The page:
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The York Daily Record reports:

A York property — seized in a drug raid in 2008 — will be auctioned on Friday, according to a news release from the York County Drug Task Force.

Marvin Washington Fulton, 54, was arrested on Aug. 9, 2008, following the execution of a search warrant at his home at 36 E. Princess St., according to York City Police detective First Class Andrew Shaffer.

Fulton was charged with possession with intent to deliver cocaine and delivery of cocaine, Shaffer said. Between controlled buys from Fulton and the cocaine police seized in his home, police found a total of more than two pounds of the drug, Shaffer said.

Fulton pleaded guilty to the charges and was sentenced to 7 to 20 years in prison, according to court documents. Fulton is now at the Camp Hill State Correctional Institution, according to Pennsylvania Department of Corrections information.

Fulton’s home was seized and was turned over to the Pennsylvania Attorney General’s office, Shaffer said. The detective added that the seizure sends a message to drug traffickers, that in addition to taking dealers’ vehicles and other items inside their homes, “If you’re going to be in the drug trade, we’ll seize your house also.”

The attorney general’s office attempted to sell the home to Fulton’s family at fair market value, but the family was not able to come up the money, Shaffer said.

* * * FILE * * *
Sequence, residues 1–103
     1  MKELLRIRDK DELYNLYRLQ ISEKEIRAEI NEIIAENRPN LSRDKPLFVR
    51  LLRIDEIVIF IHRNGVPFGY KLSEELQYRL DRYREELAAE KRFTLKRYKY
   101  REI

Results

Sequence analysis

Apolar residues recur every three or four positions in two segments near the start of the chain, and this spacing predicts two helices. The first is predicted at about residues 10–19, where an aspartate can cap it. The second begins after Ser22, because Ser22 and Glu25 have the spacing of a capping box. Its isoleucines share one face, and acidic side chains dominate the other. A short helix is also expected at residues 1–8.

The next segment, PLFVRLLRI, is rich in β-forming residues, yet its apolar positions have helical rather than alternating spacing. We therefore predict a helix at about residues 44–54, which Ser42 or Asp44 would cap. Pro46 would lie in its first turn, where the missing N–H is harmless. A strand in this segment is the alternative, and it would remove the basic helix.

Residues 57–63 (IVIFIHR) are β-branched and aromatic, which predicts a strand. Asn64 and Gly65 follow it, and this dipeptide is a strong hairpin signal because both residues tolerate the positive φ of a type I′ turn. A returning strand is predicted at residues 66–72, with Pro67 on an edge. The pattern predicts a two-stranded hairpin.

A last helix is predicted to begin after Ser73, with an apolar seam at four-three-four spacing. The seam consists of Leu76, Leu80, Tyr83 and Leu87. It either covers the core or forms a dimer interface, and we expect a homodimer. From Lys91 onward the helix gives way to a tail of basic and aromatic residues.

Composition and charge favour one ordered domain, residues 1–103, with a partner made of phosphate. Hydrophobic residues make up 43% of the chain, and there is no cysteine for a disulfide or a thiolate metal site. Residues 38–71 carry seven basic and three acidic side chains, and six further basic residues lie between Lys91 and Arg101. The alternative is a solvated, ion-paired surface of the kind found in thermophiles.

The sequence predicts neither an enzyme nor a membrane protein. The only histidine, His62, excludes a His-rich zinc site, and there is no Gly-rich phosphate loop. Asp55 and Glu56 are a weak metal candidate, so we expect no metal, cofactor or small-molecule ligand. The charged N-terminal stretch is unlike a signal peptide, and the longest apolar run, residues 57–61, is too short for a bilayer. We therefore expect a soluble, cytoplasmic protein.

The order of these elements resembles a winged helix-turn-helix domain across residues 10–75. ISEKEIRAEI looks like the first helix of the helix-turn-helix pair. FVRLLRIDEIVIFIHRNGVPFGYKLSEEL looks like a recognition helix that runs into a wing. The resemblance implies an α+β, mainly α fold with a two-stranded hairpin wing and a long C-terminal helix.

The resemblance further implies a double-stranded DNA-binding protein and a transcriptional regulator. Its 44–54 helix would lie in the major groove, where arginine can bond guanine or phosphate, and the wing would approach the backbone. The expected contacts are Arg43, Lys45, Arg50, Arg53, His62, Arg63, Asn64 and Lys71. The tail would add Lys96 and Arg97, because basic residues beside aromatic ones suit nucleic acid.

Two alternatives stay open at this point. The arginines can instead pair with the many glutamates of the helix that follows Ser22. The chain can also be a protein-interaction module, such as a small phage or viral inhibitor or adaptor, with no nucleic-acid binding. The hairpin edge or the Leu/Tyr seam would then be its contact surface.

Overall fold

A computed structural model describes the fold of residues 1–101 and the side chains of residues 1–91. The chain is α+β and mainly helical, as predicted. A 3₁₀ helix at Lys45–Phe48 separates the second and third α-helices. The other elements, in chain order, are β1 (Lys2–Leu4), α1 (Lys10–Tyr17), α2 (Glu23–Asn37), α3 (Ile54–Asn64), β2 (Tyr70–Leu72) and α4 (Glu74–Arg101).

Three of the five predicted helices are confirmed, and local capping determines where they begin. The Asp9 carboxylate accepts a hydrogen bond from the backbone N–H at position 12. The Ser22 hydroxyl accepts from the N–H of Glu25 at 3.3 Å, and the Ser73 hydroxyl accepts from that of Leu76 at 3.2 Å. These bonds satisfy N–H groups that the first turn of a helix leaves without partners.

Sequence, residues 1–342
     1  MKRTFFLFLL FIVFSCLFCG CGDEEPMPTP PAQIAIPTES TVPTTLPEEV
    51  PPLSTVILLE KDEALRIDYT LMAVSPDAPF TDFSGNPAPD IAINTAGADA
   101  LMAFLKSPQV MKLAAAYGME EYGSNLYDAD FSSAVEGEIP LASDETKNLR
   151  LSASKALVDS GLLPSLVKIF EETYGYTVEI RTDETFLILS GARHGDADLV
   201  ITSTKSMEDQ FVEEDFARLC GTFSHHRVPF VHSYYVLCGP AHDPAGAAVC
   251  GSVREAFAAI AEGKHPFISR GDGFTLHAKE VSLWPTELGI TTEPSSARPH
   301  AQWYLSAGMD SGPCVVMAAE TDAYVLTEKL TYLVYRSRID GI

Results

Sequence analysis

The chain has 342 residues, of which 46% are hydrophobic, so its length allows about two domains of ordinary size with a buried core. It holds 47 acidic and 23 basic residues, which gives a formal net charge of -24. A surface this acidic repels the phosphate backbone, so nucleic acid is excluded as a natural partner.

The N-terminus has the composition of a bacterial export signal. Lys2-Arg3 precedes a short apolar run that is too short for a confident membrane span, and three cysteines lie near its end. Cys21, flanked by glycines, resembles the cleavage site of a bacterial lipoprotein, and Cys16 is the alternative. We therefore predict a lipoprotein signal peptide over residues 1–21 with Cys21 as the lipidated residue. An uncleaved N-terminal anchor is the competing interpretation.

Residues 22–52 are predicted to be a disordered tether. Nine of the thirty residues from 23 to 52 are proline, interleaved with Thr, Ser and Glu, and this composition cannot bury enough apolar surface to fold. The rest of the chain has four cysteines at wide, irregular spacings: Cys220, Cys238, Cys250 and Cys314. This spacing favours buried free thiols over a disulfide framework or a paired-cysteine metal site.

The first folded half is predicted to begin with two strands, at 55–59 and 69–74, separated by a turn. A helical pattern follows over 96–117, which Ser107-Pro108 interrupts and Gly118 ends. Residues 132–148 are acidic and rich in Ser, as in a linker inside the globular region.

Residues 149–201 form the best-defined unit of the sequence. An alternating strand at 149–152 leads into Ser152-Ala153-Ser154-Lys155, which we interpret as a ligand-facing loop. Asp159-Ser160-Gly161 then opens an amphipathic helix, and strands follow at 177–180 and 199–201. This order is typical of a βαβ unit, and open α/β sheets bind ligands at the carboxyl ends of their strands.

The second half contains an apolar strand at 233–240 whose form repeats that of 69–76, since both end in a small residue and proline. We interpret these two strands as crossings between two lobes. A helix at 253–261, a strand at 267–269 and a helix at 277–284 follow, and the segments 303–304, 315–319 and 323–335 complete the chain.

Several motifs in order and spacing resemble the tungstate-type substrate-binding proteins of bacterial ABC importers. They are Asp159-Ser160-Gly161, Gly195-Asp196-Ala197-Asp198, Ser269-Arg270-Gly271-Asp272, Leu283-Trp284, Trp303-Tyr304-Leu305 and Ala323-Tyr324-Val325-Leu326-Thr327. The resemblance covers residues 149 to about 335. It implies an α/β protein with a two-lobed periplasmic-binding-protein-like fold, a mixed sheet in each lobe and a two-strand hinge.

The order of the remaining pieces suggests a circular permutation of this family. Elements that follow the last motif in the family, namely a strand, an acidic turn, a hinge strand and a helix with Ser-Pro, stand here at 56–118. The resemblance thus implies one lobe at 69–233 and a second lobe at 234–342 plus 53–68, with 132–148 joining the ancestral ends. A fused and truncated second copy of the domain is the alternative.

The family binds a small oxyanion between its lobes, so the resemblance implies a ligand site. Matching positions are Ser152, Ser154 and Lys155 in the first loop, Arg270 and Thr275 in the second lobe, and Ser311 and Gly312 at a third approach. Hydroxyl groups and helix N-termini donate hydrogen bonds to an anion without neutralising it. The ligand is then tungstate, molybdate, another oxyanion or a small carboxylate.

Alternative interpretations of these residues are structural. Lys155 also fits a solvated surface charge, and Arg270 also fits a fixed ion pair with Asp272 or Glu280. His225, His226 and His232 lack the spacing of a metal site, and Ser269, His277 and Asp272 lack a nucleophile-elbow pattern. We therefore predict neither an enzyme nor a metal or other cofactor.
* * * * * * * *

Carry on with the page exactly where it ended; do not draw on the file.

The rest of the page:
The house will be sold at noon at its location — 36 E. Princess St. — by auction at the property location. The auction will be conducted by Ziegler Auction Company Ltd., Hummelstown. The sale proceeds will be used by the York County Drug Task Force for future drug enforcement purposes, according to the news release.

 We’ve covered York County, Pennsylvania, before. It’s the home of Prosecutor Tom Kearney, who ran for election in 2009 promising to bring transparency to the York Drug Task Force forfeiture fund:

During his campaign last year, Kearney had vowed the workings of the York County DA’s office — including the drug task force fund — would be more open to the public.

But when elected, Kearney decided to renege on his electoral promises, citing Pennsylvania law cloaking forfeiture funds in secrecy:

He said he doesn’t particularly like the cloak of secrecy around the forfeiture fund. He said it is “a fair political question” to ask him how the money is being spent. But he said he has to adhere to the law, and unless it is changed, the public will have to trust him.

Kearney and Shaffer assure the community the current $1 million-plus fund from cash, cars and other property seized in drug busts and forfeited by law to the county to fight drug crime is being well spent.

The asset forfeiture law requires the fund to be audited yearly, and Kearney is arranging the first audit under his watch.

Ultimate oversight is by the Pennsylvania Attorney General’s Office, which annually reviews all county task forces audits, forfeitures and spending. That office releases annual reports for each county.

The reports do not reveal specific spending but categorize expenses under general headings like confidential case expenditures.

Kearney predicted the audit will not find any glaring problems. And Shaffer, who heads daily task force operations, is confident the audit will account for “every dime” he is responsible for.

Pennsylvania’s Controlled Substances Forfeiture law rates a D from the Institute for Justice’s 2010 “Policing for Profit” report, which notes: